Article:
See also: Members
Senate (STV GV) — Turnout 95.17% (CV) — Informal 2.55%[9][10]
  Party Votes % Swing Seats Won Total Seats Change
  Australian Labor Party 5,101,200 40.30 +5.28 18 32 +4
  Liberal/National coalition[11] 5,055,095 39.94 –5.15 18 37 –2
  Australian Greens 1,144,751 9.04 +1.38 3 5 +1
  Family First Party 204,788 1.62 –0.14 0 1 0
  Australian Democrats 162,975 1.29 –0.80 0 0 –4
  Independents 174,458 1.38 –0.13 1 1 +1
  Other 813,538 6.43 –0.44 0 0 0
  Total 12,656,805     40 76

Independents: Nick Xenophon

Labor and the Coalition won 18 seats each in the half-Senate election. The Greens won three seats, with Independent Nick Xenophon being elected on primary votes alone. This took the 76-member Senate total to 37 Coalition, 32 Labor, 5 Green, 1 Family First, and 1 Independent. With a majority being 39 senators, when the new Senate met after 1 July 2008, the balance of power was shared between Xenophon, Family First's Steve Fielding and the five Greens. Xenophon, although reported as left-of-centre,[12] indicated plans to work closely with the renegade National, Senator Barnaby Joyce.[13] If sufficient Coalition senators voted for government legislation, support from the crossbench was not required.

Compared to the previous Senate, the Greens gained one (losing Kerry Nettle in NSW but gaining Sarah Hanson-Young in SA and Scott Ludlam in WA), a new Independent was elected (Xenophon), and Labor gained four seats. The Coalition lost two, and the Democrats lost all four of their seats.

The informal rate of 2.55 per cent ties with the 1993 election as the lowest informal rate in the Senate since federation. The introduction of the group voting ticket at the 1984 election saw the number of informal votes drop dramatically.

Defeat of the Prime Minister[edit]

Prime Minister John Howard lost his own seat of Bennelong, in the Sydney area, to Labor candidate and former journalist Maxine McKew, becoming the second sitting prime minister, and the third party leader, since Federation to be defeated in his own electorate. (Prime Minister Stanley Bruce and National Party leader Charles Blunt lost their seats in 1929 and 1990 respectively). Howard had held the seat since 1974, and it had been in Liberal hands ever since its creation in 1949.

However, the once strongly Liberal seat had become increasingly friendly to Labor over the years; much of the area was represented by Labor at the state level. The redistribution prior to the election reduced Howard's two-party majority to four percent, putting it right on the edge of seats that Labor would likely take in the event it won.

Late on election night, when conceding Labor had won government, Howard also acknowledged the likelihood he had lost Bennelong to McKew, though he and McKew agreed the margin was "very tight".[14] He had been ahead by thin margins for most of the night, never leading by more than 0.2 percentage points.[15] Howard had been 206 votes ahead of McKew on the first count, and finished 2.8 percentage points behind McKew on the estimated two-party vote.[16] McKew declined to claim victory at first, saying that the seat was on "a knife edge,"[17] while the Australian Broadcasting Corporation listed Bennelong as a Labor gain on election night, and ABC election analyst Antony Green said there was "no doubt" McKew had won.[18]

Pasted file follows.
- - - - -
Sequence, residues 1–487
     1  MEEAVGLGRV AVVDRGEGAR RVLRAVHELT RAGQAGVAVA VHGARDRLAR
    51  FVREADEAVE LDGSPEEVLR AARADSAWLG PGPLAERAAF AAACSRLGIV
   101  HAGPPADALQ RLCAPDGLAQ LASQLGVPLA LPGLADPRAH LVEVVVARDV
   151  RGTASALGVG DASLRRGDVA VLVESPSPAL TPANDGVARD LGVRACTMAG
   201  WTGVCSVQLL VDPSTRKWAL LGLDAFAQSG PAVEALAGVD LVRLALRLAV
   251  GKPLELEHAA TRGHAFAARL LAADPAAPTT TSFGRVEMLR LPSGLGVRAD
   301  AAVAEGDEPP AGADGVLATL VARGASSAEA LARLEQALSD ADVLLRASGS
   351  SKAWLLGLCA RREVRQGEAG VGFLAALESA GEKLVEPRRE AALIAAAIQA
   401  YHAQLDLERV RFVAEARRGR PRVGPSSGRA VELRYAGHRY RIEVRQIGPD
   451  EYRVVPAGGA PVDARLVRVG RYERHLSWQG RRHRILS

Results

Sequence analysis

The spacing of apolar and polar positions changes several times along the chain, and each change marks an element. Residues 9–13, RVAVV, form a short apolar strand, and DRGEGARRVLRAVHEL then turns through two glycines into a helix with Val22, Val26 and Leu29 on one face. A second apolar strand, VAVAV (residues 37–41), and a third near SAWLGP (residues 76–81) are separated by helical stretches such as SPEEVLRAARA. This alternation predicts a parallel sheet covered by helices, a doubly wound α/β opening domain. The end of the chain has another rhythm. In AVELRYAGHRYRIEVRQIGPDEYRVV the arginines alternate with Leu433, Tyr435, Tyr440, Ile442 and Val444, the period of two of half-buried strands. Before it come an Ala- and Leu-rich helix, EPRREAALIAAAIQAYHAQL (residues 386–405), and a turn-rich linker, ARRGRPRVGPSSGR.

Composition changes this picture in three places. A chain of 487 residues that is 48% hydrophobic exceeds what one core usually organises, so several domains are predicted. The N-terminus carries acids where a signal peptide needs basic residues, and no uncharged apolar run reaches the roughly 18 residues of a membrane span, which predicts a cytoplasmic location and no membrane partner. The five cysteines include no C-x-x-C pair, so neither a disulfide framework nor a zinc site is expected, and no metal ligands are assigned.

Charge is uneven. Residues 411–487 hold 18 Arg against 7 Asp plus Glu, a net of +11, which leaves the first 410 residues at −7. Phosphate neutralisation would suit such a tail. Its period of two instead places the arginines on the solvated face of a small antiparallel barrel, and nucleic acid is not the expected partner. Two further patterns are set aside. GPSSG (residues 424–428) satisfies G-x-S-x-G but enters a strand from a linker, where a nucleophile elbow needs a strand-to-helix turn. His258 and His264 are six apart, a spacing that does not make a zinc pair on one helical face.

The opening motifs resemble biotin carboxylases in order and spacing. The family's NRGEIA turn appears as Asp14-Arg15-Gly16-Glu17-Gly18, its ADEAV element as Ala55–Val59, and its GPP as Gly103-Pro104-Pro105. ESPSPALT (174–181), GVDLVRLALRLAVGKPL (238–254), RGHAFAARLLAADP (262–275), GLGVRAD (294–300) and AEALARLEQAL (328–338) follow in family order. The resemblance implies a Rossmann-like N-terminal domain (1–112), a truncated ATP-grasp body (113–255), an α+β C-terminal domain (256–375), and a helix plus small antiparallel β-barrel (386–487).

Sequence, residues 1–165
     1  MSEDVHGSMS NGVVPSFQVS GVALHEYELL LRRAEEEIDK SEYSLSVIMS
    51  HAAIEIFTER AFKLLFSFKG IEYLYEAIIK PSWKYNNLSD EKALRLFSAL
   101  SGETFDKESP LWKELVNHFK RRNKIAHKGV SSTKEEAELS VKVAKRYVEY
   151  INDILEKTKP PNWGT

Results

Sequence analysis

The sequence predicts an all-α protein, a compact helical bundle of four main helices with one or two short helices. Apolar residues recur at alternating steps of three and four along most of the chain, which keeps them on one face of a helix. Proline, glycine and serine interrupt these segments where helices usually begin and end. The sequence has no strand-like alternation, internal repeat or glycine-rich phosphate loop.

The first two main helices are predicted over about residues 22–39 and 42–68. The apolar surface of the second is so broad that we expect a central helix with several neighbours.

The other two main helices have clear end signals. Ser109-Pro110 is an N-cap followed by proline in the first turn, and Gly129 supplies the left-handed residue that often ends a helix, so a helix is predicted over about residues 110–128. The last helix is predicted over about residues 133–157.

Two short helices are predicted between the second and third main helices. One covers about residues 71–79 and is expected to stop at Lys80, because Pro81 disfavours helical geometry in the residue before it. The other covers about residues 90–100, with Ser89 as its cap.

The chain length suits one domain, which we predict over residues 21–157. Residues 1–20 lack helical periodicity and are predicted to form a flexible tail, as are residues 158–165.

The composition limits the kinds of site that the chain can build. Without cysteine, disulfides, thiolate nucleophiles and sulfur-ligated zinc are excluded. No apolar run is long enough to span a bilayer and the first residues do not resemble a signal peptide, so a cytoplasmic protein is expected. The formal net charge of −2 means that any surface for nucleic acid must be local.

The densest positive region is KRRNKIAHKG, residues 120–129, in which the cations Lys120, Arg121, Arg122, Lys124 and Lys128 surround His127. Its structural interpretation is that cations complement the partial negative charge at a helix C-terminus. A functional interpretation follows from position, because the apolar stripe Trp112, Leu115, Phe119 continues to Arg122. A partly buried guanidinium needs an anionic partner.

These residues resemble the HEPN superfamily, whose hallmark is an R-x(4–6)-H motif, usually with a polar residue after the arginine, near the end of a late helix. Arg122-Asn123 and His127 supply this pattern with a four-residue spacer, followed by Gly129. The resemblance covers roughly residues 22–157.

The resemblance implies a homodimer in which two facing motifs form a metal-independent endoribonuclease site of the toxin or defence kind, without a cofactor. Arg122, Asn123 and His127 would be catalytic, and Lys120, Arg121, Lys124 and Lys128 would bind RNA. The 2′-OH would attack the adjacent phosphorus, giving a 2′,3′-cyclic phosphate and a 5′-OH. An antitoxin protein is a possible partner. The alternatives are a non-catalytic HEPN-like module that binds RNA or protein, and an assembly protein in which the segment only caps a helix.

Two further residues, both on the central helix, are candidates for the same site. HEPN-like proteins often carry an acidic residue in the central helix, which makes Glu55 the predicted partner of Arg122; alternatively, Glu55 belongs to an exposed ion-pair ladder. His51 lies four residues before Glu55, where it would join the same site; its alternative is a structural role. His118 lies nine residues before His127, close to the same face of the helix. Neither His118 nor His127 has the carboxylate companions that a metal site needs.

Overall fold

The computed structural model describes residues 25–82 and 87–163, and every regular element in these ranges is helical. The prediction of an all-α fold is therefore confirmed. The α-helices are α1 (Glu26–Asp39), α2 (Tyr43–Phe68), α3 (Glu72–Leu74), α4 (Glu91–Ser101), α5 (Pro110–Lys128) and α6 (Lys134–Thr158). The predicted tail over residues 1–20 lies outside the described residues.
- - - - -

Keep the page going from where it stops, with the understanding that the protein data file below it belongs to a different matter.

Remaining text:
On 29 November, Rudd named McKew as a parliamentary secretary (assistant minister) to be appointed on 3 December,[19] and on 1 December, McKew claimed victory.[20] Although counting was incomplete at the time, with several postal and absentee ballots outstanding, it was expected that Howard would not win enough of the votes to retain his seat.[21] McKew finished with a primary vote of 45.33 per cent, and a two-party-preferred vote of 51.40 per cent, a 5.53-point swing from 2004. Howard lost on the 14th count due to a large flow of Green preferences to McKew. This swing was within the redistributed boundaries after the 2004 election.[22]

Three other Howard ministers were defeated – Mal Brough, Gary Nairn and Jim Lloyd.

Post-election[edit]

The disproportionality of the lower house in the 2007 election was 10.28 according to the Gallagher Index, mainly between the Labor and Green Parties.

The Labor caucus met on Thursday 29 November 2007 to confirm the First Rudd Ministry, which was sworn in on 3 December.[23] In a departure from Labor tradition, the ministry was selected by Kevin Rudd as the prime minister, rather than by Caucus.[24]